Whether evaluating from a global or local perspective, there are several different roads to determine energy sufficiency and adjust to meet its limits. An energy sufficiency analysis typically focuses on evaluating the need rather than the supply. Reduction, substitution, and adjustment are the three fundamental ways we can reduce our consumption. The market can foster changes in these areas, particularly if individuals are given the knowledge needed to place greater value on using sustainably sourced energy. Federal and state energy policy may be needed to disincentivize wasteful uses, or better equip efficiency solution providers to compete. With an efficient infrastructure designed for scalable solutions, the NewVistas model enables one tenth of our normal energy use without compromising the community's quality of life, and without relying on subsidies. With this level of reduction among individuals and their organizations, we should have an indefinite supply regardless of substantially increasing populations.
Issues and Questions
How much energy will we will want?
This exploration of energy sufficiency assumes the goal is to strive to provide individuals and organizations with as much affordable energy as they require to fulfill their daily and lifelong goals. This means limiting or avoiding waste on energy uses that have an attenuated connection to our personal or collective development.
With improved community infrastructure and collaborative systems, it becomes easier to share resources more easily, and eliminate waste. Sustainable consumption levels can be reached without compromising quality of life. We can’t rely on the entire world becoming as efficient as the 1/10 consumption NewVistas model, but there has to be significant worldwide efficiency efforts cutting more than half our current usage. Any energy policy should assume significant conservation efforts are forthcoming as no energy plan is sustainable without them.
Factors to consider...
Determining sufficiency for any community requires estimating not only how much energy we will need, but when we'll need it, and what type we'll need. What uses can be carried out at night to spread the demand? How many residents in a given area would be willing to cooperatively source energy?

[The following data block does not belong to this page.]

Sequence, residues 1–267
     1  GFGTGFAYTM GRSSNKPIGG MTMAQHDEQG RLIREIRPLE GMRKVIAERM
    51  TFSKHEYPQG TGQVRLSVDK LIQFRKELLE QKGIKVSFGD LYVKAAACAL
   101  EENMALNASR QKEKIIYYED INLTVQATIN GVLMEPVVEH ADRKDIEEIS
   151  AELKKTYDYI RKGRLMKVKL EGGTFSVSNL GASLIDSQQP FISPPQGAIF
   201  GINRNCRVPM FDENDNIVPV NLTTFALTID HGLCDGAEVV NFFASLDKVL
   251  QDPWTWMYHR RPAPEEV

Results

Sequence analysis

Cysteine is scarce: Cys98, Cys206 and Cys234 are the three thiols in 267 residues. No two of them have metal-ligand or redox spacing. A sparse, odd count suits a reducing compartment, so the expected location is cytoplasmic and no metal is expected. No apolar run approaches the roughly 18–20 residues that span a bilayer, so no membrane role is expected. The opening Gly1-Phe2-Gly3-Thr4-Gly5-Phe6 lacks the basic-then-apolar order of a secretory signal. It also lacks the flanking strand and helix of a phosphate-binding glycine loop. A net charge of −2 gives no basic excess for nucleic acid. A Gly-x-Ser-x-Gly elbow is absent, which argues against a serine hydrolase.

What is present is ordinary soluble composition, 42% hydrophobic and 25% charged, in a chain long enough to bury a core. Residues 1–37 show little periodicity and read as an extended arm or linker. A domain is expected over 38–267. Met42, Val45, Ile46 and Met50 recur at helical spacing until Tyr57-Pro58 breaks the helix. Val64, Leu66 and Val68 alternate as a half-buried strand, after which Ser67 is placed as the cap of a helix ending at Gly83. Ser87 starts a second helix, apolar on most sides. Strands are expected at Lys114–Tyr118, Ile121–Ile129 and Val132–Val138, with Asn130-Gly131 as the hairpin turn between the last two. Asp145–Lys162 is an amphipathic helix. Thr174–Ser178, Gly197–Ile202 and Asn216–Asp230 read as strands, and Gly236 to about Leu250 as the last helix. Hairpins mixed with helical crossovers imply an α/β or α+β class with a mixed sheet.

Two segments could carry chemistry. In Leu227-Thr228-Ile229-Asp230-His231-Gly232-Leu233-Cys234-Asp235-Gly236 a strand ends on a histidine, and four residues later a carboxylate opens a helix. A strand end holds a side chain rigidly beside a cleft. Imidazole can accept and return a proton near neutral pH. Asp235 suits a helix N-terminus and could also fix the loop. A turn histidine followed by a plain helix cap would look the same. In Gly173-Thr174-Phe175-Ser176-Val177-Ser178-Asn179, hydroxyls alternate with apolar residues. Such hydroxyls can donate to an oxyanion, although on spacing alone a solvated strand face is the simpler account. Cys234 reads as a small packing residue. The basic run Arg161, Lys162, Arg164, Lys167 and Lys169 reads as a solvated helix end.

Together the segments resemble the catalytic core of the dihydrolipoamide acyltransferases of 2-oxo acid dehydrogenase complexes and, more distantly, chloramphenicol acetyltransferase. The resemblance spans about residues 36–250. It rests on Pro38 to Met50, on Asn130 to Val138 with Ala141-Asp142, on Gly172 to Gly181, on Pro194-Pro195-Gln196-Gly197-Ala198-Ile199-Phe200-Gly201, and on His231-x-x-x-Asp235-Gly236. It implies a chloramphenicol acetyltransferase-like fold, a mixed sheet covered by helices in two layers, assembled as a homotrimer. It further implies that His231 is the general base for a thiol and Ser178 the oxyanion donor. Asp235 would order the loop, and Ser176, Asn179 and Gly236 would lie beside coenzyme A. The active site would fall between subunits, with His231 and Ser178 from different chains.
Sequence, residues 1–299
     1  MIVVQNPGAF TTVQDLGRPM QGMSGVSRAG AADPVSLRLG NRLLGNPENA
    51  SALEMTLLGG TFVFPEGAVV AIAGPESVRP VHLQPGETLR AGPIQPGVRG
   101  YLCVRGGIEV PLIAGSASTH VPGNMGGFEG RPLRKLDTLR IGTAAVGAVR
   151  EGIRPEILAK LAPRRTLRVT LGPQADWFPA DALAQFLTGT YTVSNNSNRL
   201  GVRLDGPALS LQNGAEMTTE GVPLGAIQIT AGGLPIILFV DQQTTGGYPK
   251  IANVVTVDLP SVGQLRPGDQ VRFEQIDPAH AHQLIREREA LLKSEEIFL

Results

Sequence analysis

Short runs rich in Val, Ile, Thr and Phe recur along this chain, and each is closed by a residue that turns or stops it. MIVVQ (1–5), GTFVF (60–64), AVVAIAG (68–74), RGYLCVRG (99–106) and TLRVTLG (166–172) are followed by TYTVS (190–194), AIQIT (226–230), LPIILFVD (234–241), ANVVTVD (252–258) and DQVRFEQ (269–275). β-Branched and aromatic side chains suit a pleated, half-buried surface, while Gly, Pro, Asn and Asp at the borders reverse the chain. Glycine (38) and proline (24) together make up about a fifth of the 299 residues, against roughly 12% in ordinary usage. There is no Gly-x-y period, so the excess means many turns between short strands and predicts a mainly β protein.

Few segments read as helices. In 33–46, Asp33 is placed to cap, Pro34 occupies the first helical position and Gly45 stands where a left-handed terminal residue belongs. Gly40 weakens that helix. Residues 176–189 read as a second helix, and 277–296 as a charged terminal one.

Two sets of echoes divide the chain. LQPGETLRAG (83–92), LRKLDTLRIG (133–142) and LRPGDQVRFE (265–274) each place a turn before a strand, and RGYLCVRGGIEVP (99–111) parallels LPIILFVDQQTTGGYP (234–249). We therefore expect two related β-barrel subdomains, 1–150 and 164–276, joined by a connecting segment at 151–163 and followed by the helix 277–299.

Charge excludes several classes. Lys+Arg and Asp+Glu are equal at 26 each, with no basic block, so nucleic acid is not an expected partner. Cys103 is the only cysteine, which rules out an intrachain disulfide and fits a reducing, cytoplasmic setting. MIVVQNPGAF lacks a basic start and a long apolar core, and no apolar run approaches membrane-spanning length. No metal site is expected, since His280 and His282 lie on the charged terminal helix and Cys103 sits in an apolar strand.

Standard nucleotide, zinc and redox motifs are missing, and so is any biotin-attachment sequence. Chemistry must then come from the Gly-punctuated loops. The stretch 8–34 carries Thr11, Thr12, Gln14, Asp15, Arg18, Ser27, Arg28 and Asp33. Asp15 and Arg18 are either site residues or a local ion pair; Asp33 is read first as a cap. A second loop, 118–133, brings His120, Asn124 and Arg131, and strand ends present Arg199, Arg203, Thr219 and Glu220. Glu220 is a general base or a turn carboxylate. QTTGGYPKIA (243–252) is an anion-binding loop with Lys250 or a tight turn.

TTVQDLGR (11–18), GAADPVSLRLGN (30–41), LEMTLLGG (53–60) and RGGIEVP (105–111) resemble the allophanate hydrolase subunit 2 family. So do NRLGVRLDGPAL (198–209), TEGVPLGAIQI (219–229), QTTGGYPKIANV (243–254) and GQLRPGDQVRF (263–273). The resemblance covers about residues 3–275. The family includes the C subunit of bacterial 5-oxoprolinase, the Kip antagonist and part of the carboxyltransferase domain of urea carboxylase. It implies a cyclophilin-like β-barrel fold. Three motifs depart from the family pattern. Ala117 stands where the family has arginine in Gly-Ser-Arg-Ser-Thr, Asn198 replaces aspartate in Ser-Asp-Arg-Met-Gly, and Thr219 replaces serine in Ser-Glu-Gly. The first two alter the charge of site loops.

It also requires determining what is available, when, and where. Will the light or wind in a region be sufficient for renewables in foreseeable future? How is the affordability of different energy sources affected by the density of the community?
If the objective is limit the use of different energy sources for future generations, we must also decide what those upper limits are? How long will the materials needed to build wind and solar technology be available? How fast does natural gas reform in the earth, and what factors affect that?
Given its density and infrastructure, a NewVistas should be able to use a fraction of the natural gas we use today and meet all of its high-grade energy needs. As most land would be reserved for agriculture, a NewVistas would rely on solar power primarily for photosynthesis, and thermal heat. Each community's governance process will be structured to ensure it continually explores new energy solutions.
1. Make progress identifying and representing the most difficult questions about our energy needs.
2. Show definite improvements and progress in the field.
3. Apply these findings to NewVistas.
4. Address the constraints of energy sufficiency models.
5. Create forms that serve as tools for making better energy sufficiency choices.